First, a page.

Here is a compilation of essays on ‘Weather and Climate’ for class 6, 7, 8, 9 and 10. Find paragraphs, long and short essays on ‘Weather and Climate’ especially written for school students.
Essay on Weather and Climate
- Essay on the Meaning of Weather and Climate
- Essay on the Elements of Weather and Climate
- Essay on the Importance of Weather and Climate
- Essay on Difference between Weather and Climate
- Essay on Factors Controlling Weather and Climate
- Essay on Variation in Climate and Weather
Essay # 1. Meaning of Weather and Climate:
Weather is the day-to-day state of atmosphere and pertains to short term changes in conditions of heat, moisture and air movement. Weather results from processes that attempt to equalise the differences in the distribution of net radiant energy from sun. In other words, the instantaneous state of atmosphere can be called as weather. It is usually expressed as fine, fair, foggy, cloudy, rainy, sunny or windy weather.
The process of exchange of heat and moisture between earth and atmosphere over a long period of time (month, season, and year) related to large areas (zone, state, country, continent) results in conditions what we call climate.
It is aggregate of atmospheric conditions involving heat, moisture and air movement. In other words, the totality of weather over a large area is known as climate. It is expressed as marine, continental, arid, semiarid, humid or desert climate.
Essay # 2. Elements of Weather and Climate:
Weather refers to the sum total of the atmospheric conditions in terms of temperature, pressure, wind, moisture, cloudiness, precipitation and visibility of a particular place at any given time. In fact, weather denotes short-term variations of atmospheric conditions and it is highly variable.
On the other hand, climate is defined as aggregate weather conditions of any region in long-term perspective. According to Trewartha ‘climate represents a composite of day to day weather conditions, and of the atmospheric elements, within a specified area over a long period of time.’ According to Critchfield ‘climate is more than a statistical average; it is the aggregate of atmospheric conditions involving heat, moisture, and air movement. Extremes must always be considered in any climatic description in addition to means, trends, and probabilities.’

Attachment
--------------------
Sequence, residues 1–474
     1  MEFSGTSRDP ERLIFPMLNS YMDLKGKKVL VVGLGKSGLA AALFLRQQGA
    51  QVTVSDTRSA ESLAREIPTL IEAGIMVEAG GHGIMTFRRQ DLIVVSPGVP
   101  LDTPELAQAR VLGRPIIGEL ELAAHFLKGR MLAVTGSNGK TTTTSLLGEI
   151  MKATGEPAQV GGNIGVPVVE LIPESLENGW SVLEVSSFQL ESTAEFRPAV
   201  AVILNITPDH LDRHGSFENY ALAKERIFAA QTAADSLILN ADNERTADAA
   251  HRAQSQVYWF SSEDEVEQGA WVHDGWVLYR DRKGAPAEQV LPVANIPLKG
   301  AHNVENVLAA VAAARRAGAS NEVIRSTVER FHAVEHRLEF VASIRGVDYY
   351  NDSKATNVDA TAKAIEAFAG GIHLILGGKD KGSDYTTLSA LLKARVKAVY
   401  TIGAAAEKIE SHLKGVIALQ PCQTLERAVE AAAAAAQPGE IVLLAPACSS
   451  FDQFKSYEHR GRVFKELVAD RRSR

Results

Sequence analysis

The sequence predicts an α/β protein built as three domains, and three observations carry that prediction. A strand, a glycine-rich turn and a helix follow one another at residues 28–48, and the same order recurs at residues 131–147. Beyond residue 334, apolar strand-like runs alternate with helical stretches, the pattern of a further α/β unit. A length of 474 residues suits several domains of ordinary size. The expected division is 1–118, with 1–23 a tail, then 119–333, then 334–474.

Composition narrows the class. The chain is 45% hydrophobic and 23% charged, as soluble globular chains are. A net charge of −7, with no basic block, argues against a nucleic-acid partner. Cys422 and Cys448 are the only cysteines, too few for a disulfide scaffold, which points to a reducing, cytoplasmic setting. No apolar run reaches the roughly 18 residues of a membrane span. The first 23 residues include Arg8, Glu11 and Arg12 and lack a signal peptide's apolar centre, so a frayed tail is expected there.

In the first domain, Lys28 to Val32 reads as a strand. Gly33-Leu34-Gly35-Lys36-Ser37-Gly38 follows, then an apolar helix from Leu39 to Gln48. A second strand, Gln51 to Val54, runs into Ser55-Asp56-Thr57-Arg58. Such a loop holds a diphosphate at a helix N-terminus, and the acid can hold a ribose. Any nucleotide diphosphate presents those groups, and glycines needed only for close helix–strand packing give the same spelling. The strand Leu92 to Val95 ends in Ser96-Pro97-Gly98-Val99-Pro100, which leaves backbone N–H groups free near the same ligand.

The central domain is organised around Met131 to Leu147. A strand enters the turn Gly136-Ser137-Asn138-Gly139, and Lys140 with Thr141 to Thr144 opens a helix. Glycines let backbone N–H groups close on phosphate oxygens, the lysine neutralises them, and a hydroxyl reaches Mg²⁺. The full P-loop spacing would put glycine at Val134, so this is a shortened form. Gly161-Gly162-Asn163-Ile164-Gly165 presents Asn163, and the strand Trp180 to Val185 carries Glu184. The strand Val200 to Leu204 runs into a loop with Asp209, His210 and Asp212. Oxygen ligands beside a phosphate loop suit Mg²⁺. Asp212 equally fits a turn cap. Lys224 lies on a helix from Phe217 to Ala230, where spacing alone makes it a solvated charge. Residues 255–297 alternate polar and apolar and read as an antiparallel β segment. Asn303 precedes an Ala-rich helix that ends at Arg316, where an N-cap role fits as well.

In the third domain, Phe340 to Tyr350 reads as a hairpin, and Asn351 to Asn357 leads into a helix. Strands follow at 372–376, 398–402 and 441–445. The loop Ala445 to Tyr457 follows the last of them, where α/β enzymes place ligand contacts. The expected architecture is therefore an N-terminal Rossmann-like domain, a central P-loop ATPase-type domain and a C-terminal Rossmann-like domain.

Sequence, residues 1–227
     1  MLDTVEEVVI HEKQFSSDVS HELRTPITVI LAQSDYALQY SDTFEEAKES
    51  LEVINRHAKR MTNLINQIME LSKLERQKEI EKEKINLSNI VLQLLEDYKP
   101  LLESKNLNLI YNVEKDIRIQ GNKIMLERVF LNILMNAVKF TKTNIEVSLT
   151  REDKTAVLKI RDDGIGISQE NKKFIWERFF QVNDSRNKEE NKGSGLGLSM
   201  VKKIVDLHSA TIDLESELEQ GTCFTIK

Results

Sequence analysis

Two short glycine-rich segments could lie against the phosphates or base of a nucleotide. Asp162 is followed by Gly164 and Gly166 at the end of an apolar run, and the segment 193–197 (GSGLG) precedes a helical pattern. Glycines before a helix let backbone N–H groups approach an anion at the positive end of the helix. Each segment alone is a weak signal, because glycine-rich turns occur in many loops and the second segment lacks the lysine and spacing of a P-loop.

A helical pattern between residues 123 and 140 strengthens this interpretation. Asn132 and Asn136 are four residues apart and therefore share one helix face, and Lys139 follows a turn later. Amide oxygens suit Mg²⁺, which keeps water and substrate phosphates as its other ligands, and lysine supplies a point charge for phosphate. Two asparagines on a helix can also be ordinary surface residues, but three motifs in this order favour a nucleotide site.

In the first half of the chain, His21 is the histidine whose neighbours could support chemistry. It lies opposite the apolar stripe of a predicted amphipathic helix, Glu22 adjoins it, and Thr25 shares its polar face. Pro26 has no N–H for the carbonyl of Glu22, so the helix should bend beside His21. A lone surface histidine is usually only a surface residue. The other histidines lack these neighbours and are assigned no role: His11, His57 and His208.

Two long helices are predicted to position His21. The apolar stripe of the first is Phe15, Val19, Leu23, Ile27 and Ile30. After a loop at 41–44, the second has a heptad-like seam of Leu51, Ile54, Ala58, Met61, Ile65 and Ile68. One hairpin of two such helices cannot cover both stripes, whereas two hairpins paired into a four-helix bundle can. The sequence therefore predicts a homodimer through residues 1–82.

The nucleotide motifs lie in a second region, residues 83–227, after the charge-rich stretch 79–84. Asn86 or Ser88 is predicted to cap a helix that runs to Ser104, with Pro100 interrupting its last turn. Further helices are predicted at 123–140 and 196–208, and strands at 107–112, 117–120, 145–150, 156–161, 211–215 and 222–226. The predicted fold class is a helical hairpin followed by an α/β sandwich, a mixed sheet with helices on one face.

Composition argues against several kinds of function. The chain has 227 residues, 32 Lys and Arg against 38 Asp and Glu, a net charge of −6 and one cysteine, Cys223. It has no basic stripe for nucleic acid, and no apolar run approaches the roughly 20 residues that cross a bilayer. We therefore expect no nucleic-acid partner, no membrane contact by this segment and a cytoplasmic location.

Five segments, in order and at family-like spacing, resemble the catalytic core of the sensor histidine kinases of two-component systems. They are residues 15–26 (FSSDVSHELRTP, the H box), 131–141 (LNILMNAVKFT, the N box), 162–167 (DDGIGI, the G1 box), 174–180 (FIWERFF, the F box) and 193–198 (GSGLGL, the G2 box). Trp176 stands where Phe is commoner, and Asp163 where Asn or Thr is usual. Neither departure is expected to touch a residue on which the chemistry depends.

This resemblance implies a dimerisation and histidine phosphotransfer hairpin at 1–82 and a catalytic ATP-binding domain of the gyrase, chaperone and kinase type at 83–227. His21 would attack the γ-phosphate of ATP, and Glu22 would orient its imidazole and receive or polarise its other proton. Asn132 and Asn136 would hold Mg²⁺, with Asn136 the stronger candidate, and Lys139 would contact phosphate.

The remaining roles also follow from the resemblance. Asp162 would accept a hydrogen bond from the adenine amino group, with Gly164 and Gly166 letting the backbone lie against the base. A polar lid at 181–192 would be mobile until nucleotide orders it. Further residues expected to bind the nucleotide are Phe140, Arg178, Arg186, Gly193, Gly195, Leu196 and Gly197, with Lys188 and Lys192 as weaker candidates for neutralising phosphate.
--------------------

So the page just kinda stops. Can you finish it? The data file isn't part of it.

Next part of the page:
According to Koeppen and De Long ‘climate is a summary, a composite of weather conditions over a long period of time; truly portrayed, it includes details of variations-extremes, frequencies, sequences-of the weather elements which occur from year to year, particularly in temperature and precipitation. Climate is the aggregate of the weather.’
G.F. Taylor has maintained that ‘climate is the integration of weather, and weather is the differentiation of climate. The distinction between weather and climate is, therefore, mainly one of time.’ Temperature, pressure, wind, humidity, precipitation, cloudiness etc. are elements of weather and climate.
Essay # 3. Importance of Weather and Climate:
Weather and climate are the most pervasive factors of crop environment.
Knowledge of agrometeorology is useful in several aspects of practical agriculture as indicated below:
1. It has practical utility in timing of agricultural operations so as to make the best use of favourable weather conditions and make adjustments for adverse weather.
2. The dangers of crop production due to pest and disease incidence, occurrence of prolonged drought, soil erosion, frost and weather hazards can be minimised.
3. Weather support also provides guidelines for long range or seasonal planning of crops and cultivars most suited to anticipated climatic conditions.
4. Agrometeorological information can be used in land use planning, risk analysis of climatic hazards, production and harvest forecasts and linking similar crop environments for crop adaptability and productivity.
Weather is a phase of climate representing atmospheric condition at a given place and at a given instant of time as against climate, representing atmospheric condition for longer period of time over a larger area.
Components of weather and climate or simply weather elements include:
b. Solar radiation.
The influence of weather and climate on crop growth and development and final yield is complicated by complexity of interactions associated with crops and the environment during the crop season.
The influence of weather and climate on crop productivity can be summarised as indicated below:
Weather parameters with favourable influence:
1. Weather and climate are the important factors to determining the success or failure of agriculture.
2. All the agricultural operations from sowing to harvest of crops depend on the mercy of weather.
3. Climate determines suitability of a crop to a particular region while weather plays a major role in the productivity of a crop in the region.
4. The excess or shortage of elements of weather and climate exerts a negative influence on crop growth, development and final yield.